Five years ago, the Edmonton Oilers struck it rich at the draft lottery — again.
Deputy commissioner Bill Daly held up their logo, signalling their unofficial victory in the Connor McDavid sweepstakes and prompting an unforgettably awkward and widely overanalyzed reaction from the soon-to-be NHL superstar.
The Oilers had just an 11.5 per cent chance of going home with the top pick in the 2015 NHL Draft, their fourth No. 1 selection in the previous six years (2015, 2012, 2011 and 2010).
Sometimes the ping-pong balls go your way.
But sometimes they don’t. [sidebar]
The Buffalo Sabres’ lottery-best odds resulted in the No. 2 pick and a chance to grab Jack Eichel, who’s not a bad consolation prize but certainly isn’t McDavid.
Comb through the past of the event, which dates back to 1995, and there are plenty of teams who were favoured or shunned by chance.
Ahead of the first phase of the NHL’s modified draft lottery Friday, we took a look at the biggest winners and losers in its history.
Edmonton Oilers — 2015
Back to the 2015 lottery, I don’t think it can be overstated how big of a win it was for the Oilers organization — even if they’ve made just one post-season appearance since drafting McDavid, though they’ll make another should the NHL return from its pandemic pause.
By jumping to the top spot, with the third-best odds, Edmonton secured a franchise-defining player.
During his time in the NHL, the 23-year-old pivot leads the league in Goals Above Replacement, according to Evolving Hockey (108.5), well ahead of Mark Stone at No. 2 (96.2), points (469 in 351 games) and owns a Hart Trophy and two Ted Lindsay Awards. He’s achieved all this despite suffering a career-threatening injury in his left knee that ended his 2018-19 campaign, and a broken clavicle in his rookie season.
The Oilers’ win was the Sabres’ loss — no doubt about it. The sheer drop off from McDavid to Eichel is debatably enough to qualify the Sabres as one of the biggest lottery losers in history.
Eichel is a star, and was mounting a dark horse bid for the Hart this season, but McDavid has vastly outproduced him since joining the league. Eichel’s GAR is a tad more than half that of McDavid’s (56.8) and he is 24th in total scoring over that span with 337 points in 354 games.
Great numbers, but they don’t touch McDavid’s.
Pittsburgh Penguins — 2005
The Penguins were certainly due for some luck, and they got it at likely the strangest draft lottery in history.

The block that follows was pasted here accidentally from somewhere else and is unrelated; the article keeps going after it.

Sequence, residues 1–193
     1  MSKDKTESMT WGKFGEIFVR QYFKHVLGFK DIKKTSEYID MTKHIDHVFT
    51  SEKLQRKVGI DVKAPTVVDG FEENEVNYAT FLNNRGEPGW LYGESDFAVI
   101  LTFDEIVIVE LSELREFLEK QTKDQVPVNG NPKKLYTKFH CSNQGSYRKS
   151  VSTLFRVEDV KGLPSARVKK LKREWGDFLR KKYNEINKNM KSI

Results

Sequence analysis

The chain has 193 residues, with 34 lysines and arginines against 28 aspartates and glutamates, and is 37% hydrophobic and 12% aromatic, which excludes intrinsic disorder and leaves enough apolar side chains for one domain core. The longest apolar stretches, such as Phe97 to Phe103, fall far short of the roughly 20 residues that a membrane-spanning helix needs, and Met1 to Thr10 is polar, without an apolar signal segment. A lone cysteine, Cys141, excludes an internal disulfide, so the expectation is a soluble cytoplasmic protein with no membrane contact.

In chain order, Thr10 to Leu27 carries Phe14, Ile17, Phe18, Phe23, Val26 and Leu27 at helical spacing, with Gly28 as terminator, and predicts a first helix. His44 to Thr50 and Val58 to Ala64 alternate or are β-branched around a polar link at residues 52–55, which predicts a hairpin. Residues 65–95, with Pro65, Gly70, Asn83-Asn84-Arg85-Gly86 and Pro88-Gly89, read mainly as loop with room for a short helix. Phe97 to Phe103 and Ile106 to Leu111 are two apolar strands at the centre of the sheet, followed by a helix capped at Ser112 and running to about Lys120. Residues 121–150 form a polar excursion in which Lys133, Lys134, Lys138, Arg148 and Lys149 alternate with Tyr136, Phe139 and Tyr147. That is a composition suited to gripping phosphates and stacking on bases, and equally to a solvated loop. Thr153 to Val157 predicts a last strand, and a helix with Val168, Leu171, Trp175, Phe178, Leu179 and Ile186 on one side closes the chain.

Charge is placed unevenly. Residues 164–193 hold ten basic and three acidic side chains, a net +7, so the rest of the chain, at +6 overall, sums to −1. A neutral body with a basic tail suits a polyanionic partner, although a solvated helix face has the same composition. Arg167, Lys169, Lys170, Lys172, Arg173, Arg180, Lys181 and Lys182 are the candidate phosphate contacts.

Amid struggles on and off the ice, the Penguins were thrown a lifesaver in the form of the No. 1 pick in the 2005 NHL Draft.
Coming out of a lockout that wiped out the entire 2004-05 season, the NHL had no standings to use for the lottery and opted to assign teams into three groups based on playoff appearances in the previous three seasons and how many first overall picks a team had in the past four drafts.
Based on the system, the Penguins were one of four clubs to get the maximum three lottery balls (out of 48 total), while 10 had two and 16 had one.
Despite having among the best odds to win, that amounted to a just 6.25 per cent chance as each team had a shot at Sidney Crosby — the most highly coveted prospect in the game since Mario Lemieux.
But everything came up Millhouse for the Penguins on July 22, 2005.
Pittsburgh landed the No. 1 pick, paving the way for its third, fourth and fifth Stanley Cup wins (2008–09, 2015–16, 2016–17) led by Crosby, who has been unquestionably the greatest player of his generation.
Since 2005, Crosby’s 1263 points in 984 games are second to only Alex Ovechkin’s 1278 in 1152, even though much of his prime was hampered by injuries. With two Art Ross Trophies, two Harts, three Ted Lindsays, two Richard Trophies and two Conn Smythes, he’s by far the most accomplished selection in a rather weak ’05 draft, which also produced Bobby Ryan (No. 2), Carey Price (No. 5), Anze Kopitar (No. 11) and Kris Letang (No. 62).
Chicago Blackhawks — 2007
The Blackhawks had a franchise-defining win a few years before earning their first Stanley Cup since 1961, but it didn’t come on the ice. With the fifth-best odds to end up with the top pick, Chicago leaped up the draft board and the right to pick Patrick Kane, who became one of the most prolific scorers of his time.
This year ties directly to one of the biggest losers in NHL Draft Lottery history as well, so a little more on this one below.
Bonus — Taylor Hall
The self-proclaimed “lottery-ball specialist” has been on five teams that have won the top prize. Twice with the New Jersey Devils (Hischier, 2017 and Jack Hughes, 2019) and three times with the Oilers (Ryan Nugent-Hopkins, 2011, Nail Yakupov, 2012, and McDavid, 2015), in addition to being the No. 1 overall pick himself by Edmonton in 2010.